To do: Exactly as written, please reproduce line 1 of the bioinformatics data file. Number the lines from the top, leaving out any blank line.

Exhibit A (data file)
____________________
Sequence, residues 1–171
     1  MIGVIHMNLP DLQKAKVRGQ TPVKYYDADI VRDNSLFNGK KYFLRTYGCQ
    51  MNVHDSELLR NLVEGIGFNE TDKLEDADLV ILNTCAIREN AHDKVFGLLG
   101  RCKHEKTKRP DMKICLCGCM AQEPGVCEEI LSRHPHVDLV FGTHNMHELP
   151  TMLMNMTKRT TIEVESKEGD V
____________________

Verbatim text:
Sequence, residues 1–171